Will and Dorothea’s awkward fumbling around each other feels surprisingly possible and relatable, despite the ostensibly Victorian obstacles separating them.

The railroad is cutting its way through Lowick, the the disapproval of the workmen, who see only rich owners turning a profit from the disruption of their lives.

And Rosamund has suffered a miscarriage. It’s only mentioned in passing dialogue, given much less time and attention than any other events of these chapters. What does this mean to her? We get no peek into an interior world where loss and grief exist.

“…Mary always desired to be clear that she loved Fred best.”

This seems like the root of fidelity.

Lydgate’s belief in Rosamund’s innate submissiveness and adoring deference crumbling, he has no way of being married beyond alienation and sterility. He never saw her as one with real agendas and desires of her own, so he can’t ask her to give them up in loving mutual sacrifice. She can’t help and suffer with him in his struggles, because she was never to take an “unwomanly” interest in his work, never to be his partner in any real sense.

And she wouldn’t recognize the call to that kind of heroism; nor can she ask him to enter into her own projects. She has only learned how to gently thwart others’ plans for her. It’s a damning look at a dynamic that’s sometimes romanticized.

And then he compares her to Laure, with his “It is the way with all women.” I had almost forgotten about Laure; poor foolish Lydgate.

He also remembers Dorothea, and I’m still not sure the poor chump’s wrapped his around the fact that Dorothea’s absolute loyalty to her husband is not some natural feminine clinging but active, struggling virtue.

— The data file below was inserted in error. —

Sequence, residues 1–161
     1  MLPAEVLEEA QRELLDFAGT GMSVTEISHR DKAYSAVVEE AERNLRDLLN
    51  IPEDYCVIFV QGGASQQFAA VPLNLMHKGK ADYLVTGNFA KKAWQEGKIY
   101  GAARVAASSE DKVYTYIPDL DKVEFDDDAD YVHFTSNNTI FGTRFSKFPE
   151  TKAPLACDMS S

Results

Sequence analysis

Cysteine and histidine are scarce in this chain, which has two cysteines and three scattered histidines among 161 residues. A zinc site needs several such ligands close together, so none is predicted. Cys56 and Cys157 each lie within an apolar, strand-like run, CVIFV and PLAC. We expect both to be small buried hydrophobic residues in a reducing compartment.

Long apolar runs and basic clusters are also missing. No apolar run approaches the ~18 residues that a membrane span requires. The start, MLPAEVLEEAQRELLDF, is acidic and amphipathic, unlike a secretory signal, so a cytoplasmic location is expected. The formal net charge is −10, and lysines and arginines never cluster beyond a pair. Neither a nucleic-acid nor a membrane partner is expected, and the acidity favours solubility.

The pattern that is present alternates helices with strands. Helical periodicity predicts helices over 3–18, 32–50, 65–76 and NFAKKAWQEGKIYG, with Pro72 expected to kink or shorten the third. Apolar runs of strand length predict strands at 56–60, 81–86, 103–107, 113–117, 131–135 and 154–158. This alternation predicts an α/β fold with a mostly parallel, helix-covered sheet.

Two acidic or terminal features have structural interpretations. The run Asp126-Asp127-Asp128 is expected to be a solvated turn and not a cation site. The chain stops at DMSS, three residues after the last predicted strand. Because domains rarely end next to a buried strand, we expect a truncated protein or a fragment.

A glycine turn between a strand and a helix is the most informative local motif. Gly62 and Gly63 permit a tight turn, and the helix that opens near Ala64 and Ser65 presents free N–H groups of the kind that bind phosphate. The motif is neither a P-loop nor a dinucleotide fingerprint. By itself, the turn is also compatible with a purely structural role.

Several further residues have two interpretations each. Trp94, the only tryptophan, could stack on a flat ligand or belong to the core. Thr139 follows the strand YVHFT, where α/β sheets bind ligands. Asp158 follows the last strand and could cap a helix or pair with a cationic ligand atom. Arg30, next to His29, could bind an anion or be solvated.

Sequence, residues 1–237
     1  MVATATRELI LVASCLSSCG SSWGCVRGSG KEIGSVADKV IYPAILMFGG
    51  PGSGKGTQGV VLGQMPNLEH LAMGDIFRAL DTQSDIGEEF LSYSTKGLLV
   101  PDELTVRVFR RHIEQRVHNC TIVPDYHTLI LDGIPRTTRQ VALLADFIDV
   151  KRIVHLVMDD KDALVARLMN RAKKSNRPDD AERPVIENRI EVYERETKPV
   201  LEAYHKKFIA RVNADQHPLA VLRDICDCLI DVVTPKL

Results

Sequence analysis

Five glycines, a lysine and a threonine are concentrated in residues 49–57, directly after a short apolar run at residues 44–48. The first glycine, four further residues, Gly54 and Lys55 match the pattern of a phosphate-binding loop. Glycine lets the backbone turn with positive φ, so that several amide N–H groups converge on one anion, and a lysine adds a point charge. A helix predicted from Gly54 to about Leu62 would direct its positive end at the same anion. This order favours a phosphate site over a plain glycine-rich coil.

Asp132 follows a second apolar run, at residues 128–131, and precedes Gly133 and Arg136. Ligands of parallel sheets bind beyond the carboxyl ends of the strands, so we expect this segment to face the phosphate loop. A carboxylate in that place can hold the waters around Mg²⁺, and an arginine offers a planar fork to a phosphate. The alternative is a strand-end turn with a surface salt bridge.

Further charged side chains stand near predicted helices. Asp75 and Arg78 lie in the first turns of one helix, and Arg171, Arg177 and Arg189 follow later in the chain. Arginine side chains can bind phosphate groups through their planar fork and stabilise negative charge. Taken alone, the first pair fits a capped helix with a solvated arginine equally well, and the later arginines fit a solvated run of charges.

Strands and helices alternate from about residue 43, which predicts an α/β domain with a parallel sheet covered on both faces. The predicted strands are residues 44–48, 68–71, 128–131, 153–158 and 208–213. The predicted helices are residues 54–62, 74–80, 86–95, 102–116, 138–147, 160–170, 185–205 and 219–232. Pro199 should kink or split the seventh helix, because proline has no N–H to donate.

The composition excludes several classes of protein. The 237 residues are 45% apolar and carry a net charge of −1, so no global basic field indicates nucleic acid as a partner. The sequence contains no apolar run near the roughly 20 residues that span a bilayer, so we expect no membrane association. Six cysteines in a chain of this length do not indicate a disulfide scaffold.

But now Will knows about the codicil! What will happen next? Tune in next time for the surprising adventures of me, Sir Digby Chicken Ceasar, I mean, uh….Middlemarch.

Poem of the Day 6

Chemin De Fer

Alone on the railroad track
I walked with pounding heart.
The ties were too close together
or maybe too far apart.

The scenery was impoverished:
scrub-pine and oak; beyond
its mingled gray-green foliage
I saw the little pond

where the dirty old hermit lives,
lie like an old tear
holding onto its injuries
lucidly year after year.

The hermit shot off his shot-gun
and the tree by his cabin shook.
Over the pond went a ripple
The pet hen went chook-chook.

“Love should be put into action!”
screamed the old hermit.
Across the pond an echo
tried and tried to confirm it.


Elizabeth Bishop

Time for Links

Who has seen this?

Earths! Everywhere!

Austerity in Kentucky


More reasons to move to Iceland, etc

This confirms all my suspicions

As does this

Emotional labor

Aw swell

5 billion in food stamp cuts over the next year. This is atrocious and terrifying, and it’s not just on Republicans, either. On the off chance you live in the Philadelphia area, Philabundance does great work and always needs help meeting demand for food.

Pregnant workers. Pregnant working women are contributing in two ways–the one the labor market rewards, and the bearing and birthing of workers on whom the economy depends. Something to keep in mind when we talk about “accommodations,” rather than “not punishing women for doing what keeps life, civilization, and your workforce moving along, at great personal cost.”

Hey Philly, let’s not screw this one up, ok?

I give the sexual revolution five more years. Childbirth also sounds increasingly terrifying.

Dinosaur sex. The evangelicals have purity bear–maybe we could have an NFP stegosaurus?


Nancy Wake, via The Toast, who,  by the way, whatever else you may say about them, pay their writers.

New Inquiry is all about the witches right now.

And finally

Ghosty and Fragmented Bullet Points on Death and Exile

1. Maureen Mullarkey discusses death and the jolly skeleton.

2. The entire month, of November, as she points out,  belongs to the dead. It’s my favorite month, not least because I was born into it.

3. This is the first November of my life I’ve spent entirely away from home, and it’s very strange to never pass the cemeteries where my grandparents, aunts, sister lie.

4. The threat of unburial is frequent in the Illiad and Odyssey. Priam kisses the hand of his son’s murderer in order to regain the body, and Odysseus tells an enemy that the crows will peck at his rotting flesh, or something like that, I can’t find my books.